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So I bought a 30-1113-1 New York Central Dreyfus in an estate sale.  Put it on the track and got 2 bells, have tried all the fixes in the manual with no luck. I looked around at replacement boards and for the money is this even worth fixing or should I cut my loses?  I appreciate your feedback. Dave

Last edited by Nov
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IMO, it depends on the overall condition, the price you paid, and how much you like the engine.  If you like it, why not fix it?  If you sell it (assuming that you'll honestly disclose the condition), the price will reflect its non-operational status anyway.

I'm sure that others with more knowledge of MTH electronics will chime in with suggestions of other things that you can try.  30-1113-1 is PS-1, so maybe consider other ways of making it run.

My thought was, this was simply the case of the user not inspecting and replacing the battery on a PS1 or PS2 (I know this engine is PS1 from the part number and 2 dings at startup). Again, hindsight is 2020- but the board probably was NOT bad you started had you replaced the failed battery before attempting to test and power up.

The lesson to learn here is:

#1 look up the product number and get the manual and details for any MTH engine you are considering buying or have bought. It's so easy single google takes you right to the product page 99.9999% of the time. https://mthtrains.com/30-1113-1

#2 Again, downloading the manual from the "Support" tab of the product page

#3 Reading the manual and going to the battery replacement section (Page 14)

REPLACING THE PROTOSOUND BATTERY
The battery, located in the engine’s tender (see Figure 10 on page 20 for the location
of the tender mounting screws), is a rechargeable NiCad type which is continually
charged from the track when power is applied. NiCad batteries are a dry battery and
should not leak or cause any damage to your locomotive and will last up to five years or
longer.
If you notice that the sounds seem distorted or garbled at low voltages or become silent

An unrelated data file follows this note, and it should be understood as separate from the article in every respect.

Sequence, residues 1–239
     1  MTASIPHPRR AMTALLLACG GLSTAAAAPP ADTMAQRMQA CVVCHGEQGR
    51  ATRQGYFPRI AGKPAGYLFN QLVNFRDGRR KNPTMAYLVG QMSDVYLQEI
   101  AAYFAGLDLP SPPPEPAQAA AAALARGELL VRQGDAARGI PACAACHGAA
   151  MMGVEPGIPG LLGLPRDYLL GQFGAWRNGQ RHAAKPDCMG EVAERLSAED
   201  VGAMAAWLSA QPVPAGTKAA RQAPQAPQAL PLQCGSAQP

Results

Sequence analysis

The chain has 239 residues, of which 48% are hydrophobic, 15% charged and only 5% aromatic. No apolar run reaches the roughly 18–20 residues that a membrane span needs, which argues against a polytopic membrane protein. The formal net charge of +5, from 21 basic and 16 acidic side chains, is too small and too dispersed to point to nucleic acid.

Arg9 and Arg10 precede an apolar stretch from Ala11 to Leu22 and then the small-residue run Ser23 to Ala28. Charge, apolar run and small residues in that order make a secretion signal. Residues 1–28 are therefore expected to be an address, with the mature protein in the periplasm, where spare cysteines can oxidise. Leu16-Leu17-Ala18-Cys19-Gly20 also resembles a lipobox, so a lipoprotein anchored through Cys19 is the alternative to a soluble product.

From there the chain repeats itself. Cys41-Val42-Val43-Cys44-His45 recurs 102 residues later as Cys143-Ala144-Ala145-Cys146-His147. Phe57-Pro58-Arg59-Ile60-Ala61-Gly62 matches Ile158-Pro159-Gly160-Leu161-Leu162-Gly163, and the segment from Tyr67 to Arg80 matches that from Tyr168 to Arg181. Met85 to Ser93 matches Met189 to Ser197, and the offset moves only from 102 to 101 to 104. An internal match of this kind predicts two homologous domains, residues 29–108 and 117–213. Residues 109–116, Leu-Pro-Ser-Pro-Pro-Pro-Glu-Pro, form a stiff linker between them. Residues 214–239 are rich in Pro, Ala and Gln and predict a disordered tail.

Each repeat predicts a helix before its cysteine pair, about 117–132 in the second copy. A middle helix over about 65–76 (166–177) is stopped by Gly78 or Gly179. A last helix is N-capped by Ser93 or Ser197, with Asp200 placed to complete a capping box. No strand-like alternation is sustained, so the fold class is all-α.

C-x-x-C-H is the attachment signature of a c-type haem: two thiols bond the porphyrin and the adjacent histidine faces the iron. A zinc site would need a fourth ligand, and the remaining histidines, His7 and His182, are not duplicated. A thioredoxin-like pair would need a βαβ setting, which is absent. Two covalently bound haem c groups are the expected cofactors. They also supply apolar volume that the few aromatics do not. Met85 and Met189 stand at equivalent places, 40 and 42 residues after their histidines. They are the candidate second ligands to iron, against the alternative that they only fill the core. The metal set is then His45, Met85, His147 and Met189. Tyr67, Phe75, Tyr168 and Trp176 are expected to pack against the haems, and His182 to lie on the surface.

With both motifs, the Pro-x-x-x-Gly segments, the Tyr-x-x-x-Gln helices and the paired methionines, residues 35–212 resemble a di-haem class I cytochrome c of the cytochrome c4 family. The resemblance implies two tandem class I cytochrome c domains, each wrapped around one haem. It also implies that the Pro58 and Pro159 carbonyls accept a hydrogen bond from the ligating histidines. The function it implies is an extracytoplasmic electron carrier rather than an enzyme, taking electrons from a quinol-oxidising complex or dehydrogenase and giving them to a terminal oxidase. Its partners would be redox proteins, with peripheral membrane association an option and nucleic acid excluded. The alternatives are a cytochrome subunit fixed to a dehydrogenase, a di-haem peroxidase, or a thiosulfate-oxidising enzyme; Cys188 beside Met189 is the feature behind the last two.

when power from the transformer is shut off, the battery may be going bad. Before
replacing the battery, you should put the engine in NEUTRAL and leave the transformer
throttle at about 12 volts for fifteen minutes. This should temporarily recharge the battery. If
the garbled or distorted sounds are reduced, then your battery charge has worn down. You
can give your battery a full charge by leaving the engine ON in NEUTRAL for 16 to 18 hours.
(Make sure the smoke unit switch is in the OFF position to prevent harm to the smoke unit)
If you need to replace the ProtoSound™ battery, it is a special NiCad 7-cell, 8.4v battery -
NOT the 6-cell, 7.2v battery found in most convenience stores. The 6-cell NiCad is NOT
recommended for use with ProtoSound™ applications. Replacement ProtoSound™
batteries are available from MTH ProtoSound Electronics at 9693-A Gerwig Lane,
Columbia, MD 21046. A standard 9v alkaline battery can be substituted as a temporary fix,
but since alkaline batteries can’t take a charge, it will eventually wear down. Regardless, it
should give you a week to a couple of months use while you wait for your replacement
ProtoSound™ battery to arrive.

Body mounting screws of the tender in the 4 corners

Again, at the end of the day- the lesson is this was an engine made in 1997 with Protosound that contains a rechargeable battery that most likely should be inspected or replaced BEFORE attempting to power up any engine new to you that you are not aware of the state of this battery.

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Again, there is a chance the board might be OK and might be repairable, but the damage was most likely caused by a failed rechargeable battery that are prone to internally shorting especially with age. When you powered up, the charging circuit has a limiting resistor and most likely that is where the smoke came from.